Finally. I’ve finally found a smartpen that I like. Not that there was a lot of competition, at least competition that I was aware of. Years ago, when Livescribe came out with their pen I was in awe. According to Wikipedia this was around 2008. I was in amazement that there was this pen that could record what I wrote and I still got to experience the enjoyment of writing. The downside was the size. These pens were gigantic! They lacked, in my opinion, aesthetic. Years later, they still makes gigantic pens. So when I walked by a Moleskine store and saw an advertisement for a sleek, thin, digital pen, I had to stop in and check it out.
Allowing the market for digital pens to mature for 11 years certainly yielded better options. Moleskine had delivered a pen that, well, looked like a normal pen. It wrote well enough. I’m really into using a fountain pen for taking notes, but having a digital pen I was more than willing to give that up. Writing showed up on the demo iPad as soon as I wrote. I could email pdfs of my pages and send back ups to various 3rd parties like Google Drive and Evernote. The list of features went on and on. The only downside was the paper.
Look, all digital pens require specially dotted paper and that’s fine. Moleskine decided in their design wisdom to create a notebook that reflected a tablet. What does that mean exactly? Well it means they rounded the corners.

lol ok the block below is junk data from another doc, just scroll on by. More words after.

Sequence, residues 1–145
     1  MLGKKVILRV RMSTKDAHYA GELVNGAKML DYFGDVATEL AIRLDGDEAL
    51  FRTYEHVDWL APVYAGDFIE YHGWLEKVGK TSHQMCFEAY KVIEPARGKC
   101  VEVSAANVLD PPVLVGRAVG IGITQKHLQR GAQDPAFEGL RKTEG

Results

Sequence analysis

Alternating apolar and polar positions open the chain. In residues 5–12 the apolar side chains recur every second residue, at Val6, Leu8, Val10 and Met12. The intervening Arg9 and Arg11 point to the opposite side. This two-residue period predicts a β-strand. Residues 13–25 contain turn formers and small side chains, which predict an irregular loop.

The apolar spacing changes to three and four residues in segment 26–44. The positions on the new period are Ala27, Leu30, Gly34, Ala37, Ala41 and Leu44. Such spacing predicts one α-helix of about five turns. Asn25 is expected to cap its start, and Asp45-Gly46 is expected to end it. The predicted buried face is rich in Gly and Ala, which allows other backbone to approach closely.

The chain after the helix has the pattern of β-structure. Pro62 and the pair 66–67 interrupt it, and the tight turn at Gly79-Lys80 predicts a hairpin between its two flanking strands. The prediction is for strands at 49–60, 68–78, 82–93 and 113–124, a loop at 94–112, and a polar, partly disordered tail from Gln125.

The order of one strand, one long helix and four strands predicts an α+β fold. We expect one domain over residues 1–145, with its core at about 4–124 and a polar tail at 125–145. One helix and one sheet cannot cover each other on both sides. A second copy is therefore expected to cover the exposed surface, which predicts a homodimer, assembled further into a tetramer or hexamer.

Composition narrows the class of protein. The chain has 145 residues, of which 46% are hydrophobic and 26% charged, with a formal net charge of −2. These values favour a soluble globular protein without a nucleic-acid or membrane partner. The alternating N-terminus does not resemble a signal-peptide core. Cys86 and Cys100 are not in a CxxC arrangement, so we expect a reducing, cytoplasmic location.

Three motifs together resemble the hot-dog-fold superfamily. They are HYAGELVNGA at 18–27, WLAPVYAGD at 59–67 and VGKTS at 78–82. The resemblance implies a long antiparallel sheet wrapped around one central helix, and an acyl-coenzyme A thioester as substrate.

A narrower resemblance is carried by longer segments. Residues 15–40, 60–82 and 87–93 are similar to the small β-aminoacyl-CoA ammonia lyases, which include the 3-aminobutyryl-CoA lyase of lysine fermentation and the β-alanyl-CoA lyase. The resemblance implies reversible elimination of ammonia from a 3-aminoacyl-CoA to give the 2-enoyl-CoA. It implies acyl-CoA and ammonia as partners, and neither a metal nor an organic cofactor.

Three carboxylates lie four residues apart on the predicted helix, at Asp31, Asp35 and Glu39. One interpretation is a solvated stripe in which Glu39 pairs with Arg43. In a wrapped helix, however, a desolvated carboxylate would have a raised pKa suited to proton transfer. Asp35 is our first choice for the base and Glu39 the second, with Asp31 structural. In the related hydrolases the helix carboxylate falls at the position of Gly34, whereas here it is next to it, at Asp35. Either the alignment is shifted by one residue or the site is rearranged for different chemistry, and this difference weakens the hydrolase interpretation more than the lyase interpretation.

I’m certainly not a designer so I may be way off base. I get that I sync data to my device, either a phone or tablet, but I don’t need to be reminded of that aspect with the physical notebook I’m using. I want my writing experience it to be reflective of any other Moleskine notebook. Unfortunately, they don’t sell a normal looking notebook with their digital pen.
After returning to my office and thinking a bit more, I started searching for more information on the pen. Thinking that if I could only find a compatible pad that looked more normal I would get it. I ended up finding something even better, the Neo Smartpen.
See, it ends up that Moleskine partnered with Neo Smartpen. The Neo Smartpen is the exact same product with a few very nice perks. First, you can print paper compatible with the Neo Smartpen if you want. You don’t have to since the notebooks are considerably cheaper than Moleskine’s, albeit less attractive. Second, they distribute an SDK for development. While cool, it does get diverted on the road to awesome as the SDK has some restrictions.
I snatched up this pen on Amazon and it came with three college ruled spiral notebooks. It’s been two weeks now since I’ve had the pen and I am very happy with it. While there are some tweaks I’d like to see in the next version, for instance the power button is too sensitive and turns on easily if you just have it floating around in your bag (turning off requires you to hold the power button for 2-3 seconds). Originally I wasn’t a fan of the indents along the side meant to guide me on how to hold the pen, I have become accustomed to it. In an updated version I would like to see the pen have a single indent on the bottom and keep the rest of the pen rounded.
If you enjoy writing and also want a digital backup of your notes just in case you lose them I highly recommend the Neo Smartpen.